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A Boeing tanker deal seen flying eventually

A multibillion-dollar Boeing Co. drive to supply refueling planes to the U.S. Air Force is likely to fly in some form despite its bumpy past, experts on military purchases say.
/ Source: Reuters

A multibillion-dollar Boeing Co. drive to supply refueling planes to the U.S. Air Force is likely to fly in some form despite its bumpy past, experts on military purchases say.

On Tuesday, the Pentagon put off until at least November a decision on whether to reopen negotiations on a $23.5 billion plan to lease 20 and buy up to another 80 modified tankers based on Boeings' 767 commercial airliner.

"I believe that the Air Force is going to rearrange its weapons-purchasing priorities in the future to find money for tanker modernization," said Loren Thompson, an analyst with close ties to the military and the industry.

"The likelihood that Boeing will eventually provide the Air Force with aircraft to replace the existing fleet is greater than 90 percent," said Thompson, director of the Lexington Institute in Arlington, Virginia.

Others cautioned Boeing could end up with a deal smaller than it hoped, possibly involving used aircraft, amid growing concern over rising federal budget deficits.

Boeing's chief rival in the business is Airbus parent EADS , a French- and German-led company that says it is ready to compete if the Pentagon seeks new bids for tankers.

But many lawmakers have made clear they would oppose giving a non-U.S. company any such contract.

"For major programs, the Europeans are now buying European and not American, and for major programs the Americans have always been buying American," said Gordon Adams, the White House's senior defense budget official from 1993 to 1997.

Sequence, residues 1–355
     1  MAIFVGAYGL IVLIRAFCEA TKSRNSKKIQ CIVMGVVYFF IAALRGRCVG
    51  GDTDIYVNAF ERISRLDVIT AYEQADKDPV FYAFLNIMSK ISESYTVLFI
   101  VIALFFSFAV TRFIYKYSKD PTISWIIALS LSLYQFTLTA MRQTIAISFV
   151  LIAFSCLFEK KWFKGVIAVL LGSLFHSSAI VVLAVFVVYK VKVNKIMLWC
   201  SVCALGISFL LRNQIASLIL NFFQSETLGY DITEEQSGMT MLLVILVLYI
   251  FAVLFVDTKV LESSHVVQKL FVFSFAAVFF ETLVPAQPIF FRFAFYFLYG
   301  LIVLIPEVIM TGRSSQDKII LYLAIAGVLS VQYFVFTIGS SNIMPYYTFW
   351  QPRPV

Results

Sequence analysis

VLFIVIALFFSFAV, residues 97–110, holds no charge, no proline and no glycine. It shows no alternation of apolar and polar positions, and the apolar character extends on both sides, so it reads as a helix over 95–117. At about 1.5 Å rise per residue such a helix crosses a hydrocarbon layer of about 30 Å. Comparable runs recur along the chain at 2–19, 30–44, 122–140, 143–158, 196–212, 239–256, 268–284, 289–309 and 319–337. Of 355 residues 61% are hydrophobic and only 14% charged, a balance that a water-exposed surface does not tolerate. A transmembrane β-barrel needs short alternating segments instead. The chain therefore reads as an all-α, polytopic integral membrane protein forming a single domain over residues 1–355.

"So for EADS to win a tanker contract would be flying in the face of history," he said.

The Pentagon said it would decide on how to modernize the military's aerial refueling fleet after an Air Force study of possible alternatives to the 767 and a Defense Department review of tanker needs, both to be wrapped up in November on orders from Defense Secretary Donald Rumsfeld.

Asked Wednesday whether the Boeing deal for 100 767s still could be signed, Pentagon spokesman Lawrence Di Rita said it "is conceivably one of the things that could occur."

But Sen. John McCain, an Arizona Republican who has led Senate Armed Services Committee opposition to what he calls a sweetheart deal for Boeing, said the studies "if done properly" appear fatal to at least the lease component.

Thompson predicted cuts in U.S. fighter jet purchases will pay for new tankers. "I think it's nearly inevitable that before the end of the decade the Air Force will commit to buy over 100 air frames" to replace aging tankers, he said.

Richard Aboulafia, of the Teal Group consultancy, said buying new 767s outright would be too costly for the Air Force in the near term in the absence of big cuts elsewhere.

A more likely scenario now, he said, was for the Air Force to buy used 767s from commercial operators.

This in turn would create more demand for Boeing's new 7E7 jetliner, billed as a fuel-sipping money saver for cash-strapped airlines, Aboulafia said.

But Adams, the former budget official, says the tanker purchase is likely to be curtailed by efforts to rein in government spending.

"That may mean not a lot of tankers right away," said Adams, now a defense procurement expert at George Washington University in Washington, D.C. "Fewer tankers, fewer money" for Boeing, at least initially.

The chairman of the House of Representatives Armed Services Committee, Duncan Hunter, on Wednesday urged jump-starting the process of acquiring Boeing 767s.

"The tankers are not only vital to our ability to project air power, but also to our industrial base," said Hunter, a California Republican. The House approved a 2005 defense authorization bill last week that expressed bipartisan opposition to further delays in acquiring the Boeing 767s.